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Oil May Plunge to $20 a Barrel

Oil and price

Crude Oil may plunge to $20 a barrel says Citigroup, and this might also mean the end is nearing for OPEC. The recent surge in oil prices is just a “head-fake,” and oil as cheap as $20 a barrel may very well be soon on the way, Citigroup said in a recent report, as it lowered its forecast for crude oil.

Despite global declines in spending that have driven up oil prices in recent weeks, oil production in the U.S. is still rising, wrote Edward Morse, Citigroup’s global head of commodity research. Brazil and Russia are pumping oil at record levels, and Saudi Arabia, Iraq and Iran have been fighting to maintain their market share by cutting prices to Asia. The market is oversupplied, and storage tanks are topping out.

A pullback in production isn’t likely until the third quarter, Morse said. In the meantime, West Texas Intermediate Crude, which currently trades at around $52 a barrel, could possibly fall to the $20 range “for a while,” according to the report. The U.S shale-oil revolution has broken OPEC’s ability to manipulate prices and maximize profits for oil-producing countries.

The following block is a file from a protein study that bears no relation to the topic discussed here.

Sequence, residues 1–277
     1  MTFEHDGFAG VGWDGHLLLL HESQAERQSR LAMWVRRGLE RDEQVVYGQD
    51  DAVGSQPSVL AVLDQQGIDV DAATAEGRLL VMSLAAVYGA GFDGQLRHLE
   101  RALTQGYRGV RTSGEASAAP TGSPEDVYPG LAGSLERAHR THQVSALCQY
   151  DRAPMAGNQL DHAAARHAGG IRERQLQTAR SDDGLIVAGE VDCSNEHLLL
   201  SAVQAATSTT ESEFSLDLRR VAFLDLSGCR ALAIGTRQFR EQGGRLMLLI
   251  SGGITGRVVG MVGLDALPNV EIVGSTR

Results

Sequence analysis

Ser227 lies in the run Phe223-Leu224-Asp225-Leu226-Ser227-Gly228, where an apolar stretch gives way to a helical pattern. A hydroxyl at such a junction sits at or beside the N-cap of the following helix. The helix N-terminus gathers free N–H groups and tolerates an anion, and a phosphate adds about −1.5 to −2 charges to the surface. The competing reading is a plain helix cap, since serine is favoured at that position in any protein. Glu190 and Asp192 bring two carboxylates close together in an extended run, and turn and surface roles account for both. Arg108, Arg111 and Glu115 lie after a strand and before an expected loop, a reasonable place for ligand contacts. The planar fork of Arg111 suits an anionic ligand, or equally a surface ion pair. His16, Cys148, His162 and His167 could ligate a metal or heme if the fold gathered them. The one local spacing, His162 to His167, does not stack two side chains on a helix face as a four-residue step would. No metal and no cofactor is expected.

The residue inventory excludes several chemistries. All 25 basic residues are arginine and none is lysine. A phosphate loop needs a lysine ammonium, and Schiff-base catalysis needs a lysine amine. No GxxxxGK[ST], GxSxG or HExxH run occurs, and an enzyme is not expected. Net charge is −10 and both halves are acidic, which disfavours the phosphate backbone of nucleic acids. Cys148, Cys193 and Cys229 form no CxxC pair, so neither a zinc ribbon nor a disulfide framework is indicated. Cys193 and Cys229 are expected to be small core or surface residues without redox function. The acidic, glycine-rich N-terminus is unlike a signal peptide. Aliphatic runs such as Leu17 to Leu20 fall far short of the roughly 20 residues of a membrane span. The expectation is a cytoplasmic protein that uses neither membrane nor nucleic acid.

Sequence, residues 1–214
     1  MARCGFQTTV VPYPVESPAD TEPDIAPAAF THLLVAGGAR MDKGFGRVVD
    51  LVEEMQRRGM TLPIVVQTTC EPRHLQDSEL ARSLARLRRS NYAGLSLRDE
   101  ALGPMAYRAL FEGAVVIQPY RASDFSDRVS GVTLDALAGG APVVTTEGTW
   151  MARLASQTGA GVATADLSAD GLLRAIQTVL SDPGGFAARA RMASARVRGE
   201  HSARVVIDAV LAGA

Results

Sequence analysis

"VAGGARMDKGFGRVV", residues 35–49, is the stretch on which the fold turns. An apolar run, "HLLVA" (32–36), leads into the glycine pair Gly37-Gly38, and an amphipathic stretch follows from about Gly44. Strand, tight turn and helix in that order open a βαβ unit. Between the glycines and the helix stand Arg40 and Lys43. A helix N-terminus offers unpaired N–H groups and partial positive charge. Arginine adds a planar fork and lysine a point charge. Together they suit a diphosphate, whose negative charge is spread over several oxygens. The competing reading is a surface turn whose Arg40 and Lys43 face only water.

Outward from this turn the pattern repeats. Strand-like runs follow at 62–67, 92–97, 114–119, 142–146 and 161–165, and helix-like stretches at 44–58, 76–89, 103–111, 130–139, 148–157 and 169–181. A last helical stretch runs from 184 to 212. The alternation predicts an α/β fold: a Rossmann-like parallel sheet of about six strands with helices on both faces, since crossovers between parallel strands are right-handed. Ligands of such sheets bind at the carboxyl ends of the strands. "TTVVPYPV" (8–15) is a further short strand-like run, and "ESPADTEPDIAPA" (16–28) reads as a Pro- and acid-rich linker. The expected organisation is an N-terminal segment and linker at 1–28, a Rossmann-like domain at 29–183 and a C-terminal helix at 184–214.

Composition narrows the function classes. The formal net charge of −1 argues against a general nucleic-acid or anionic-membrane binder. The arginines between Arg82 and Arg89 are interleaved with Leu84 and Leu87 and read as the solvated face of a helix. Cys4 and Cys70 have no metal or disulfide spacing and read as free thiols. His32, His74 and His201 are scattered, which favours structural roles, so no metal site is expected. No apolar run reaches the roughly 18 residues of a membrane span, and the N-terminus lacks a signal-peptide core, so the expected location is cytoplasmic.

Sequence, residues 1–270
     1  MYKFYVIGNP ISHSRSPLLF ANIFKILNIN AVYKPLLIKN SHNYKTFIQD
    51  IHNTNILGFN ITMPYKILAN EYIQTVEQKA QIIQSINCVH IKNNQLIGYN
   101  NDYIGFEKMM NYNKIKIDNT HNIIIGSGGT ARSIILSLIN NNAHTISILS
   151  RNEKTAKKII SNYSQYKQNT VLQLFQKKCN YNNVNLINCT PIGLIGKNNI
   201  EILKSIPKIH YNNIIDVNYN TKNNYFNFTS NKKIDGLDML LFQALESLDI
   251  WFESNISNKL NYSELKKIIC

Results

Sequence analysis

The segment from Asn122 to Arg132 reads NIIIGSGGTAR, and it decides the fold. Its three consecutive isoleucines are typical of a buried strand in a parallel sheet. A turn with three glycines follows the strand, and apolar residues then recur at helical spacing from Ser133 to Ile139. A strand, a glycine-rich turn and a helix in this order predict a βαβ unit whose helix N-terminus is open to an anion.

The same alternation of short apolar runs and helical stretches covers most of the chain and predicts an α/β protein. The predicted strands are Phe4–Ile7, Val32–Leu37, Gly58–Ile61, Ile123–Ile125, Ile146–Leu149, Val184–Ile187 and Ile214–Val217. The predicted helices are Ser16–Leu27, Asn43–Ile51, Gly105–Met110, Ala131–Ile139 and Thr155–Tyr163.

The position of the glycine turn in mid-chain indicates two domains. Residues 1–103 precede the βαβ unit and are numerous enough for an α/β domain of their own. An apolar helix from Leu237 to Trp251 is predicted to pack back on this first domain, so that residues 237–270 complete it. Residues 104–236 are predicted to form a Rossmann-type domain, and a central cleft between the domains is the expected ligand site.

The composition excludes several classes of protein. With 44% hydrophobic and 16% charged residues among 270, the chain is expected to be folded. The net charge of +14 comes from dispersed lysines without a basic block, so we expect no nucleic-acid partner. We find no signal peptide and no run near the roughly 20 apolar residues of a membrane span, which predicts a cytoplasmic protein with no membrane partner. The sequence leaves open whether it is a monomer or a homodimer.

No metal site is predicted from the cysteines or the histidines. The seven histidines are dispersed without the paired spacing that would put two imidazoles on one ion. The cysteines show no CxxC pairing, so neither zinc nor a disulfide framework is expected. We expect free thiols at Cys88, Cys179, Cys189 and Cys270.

“It looks exceedingly unlikely for OPEC to return to its old way of doing business,” Morse wrote. “While many analysts have seen in past market crises ‘the end of OPEC,’ this time around might well be different,” Morse said. Citi reduced its annual forecast for Brent crude for the second time in 2015. Prices in the $45-$55 range are unsustainable and will trigger “disinvestment from oil” and a fourth-quarter rebound to $75 a barrel, according to the report. Prices this year will likely average $54 a barrel.

Q: What Will Be the Average Price of Crude Oil in 2015?

What’s an investor to think with prices this topsy-turvy? In 2015, the average price is likely to be anywhere from $35 to $80, according to a Bloomberg Intelligence survey of 86 investment specialists, and that’s a pretty big range to consider.

Crude Oil Chart

Some analysts think prices could drop further and then skyrocket once production dries up or there’s a rebound in global demand, especially China. But the timing of a lasting turnaround in oil prices is murky at best. The only thing that’s certain is more uncertainty. Probably!

Author: Tom Randall

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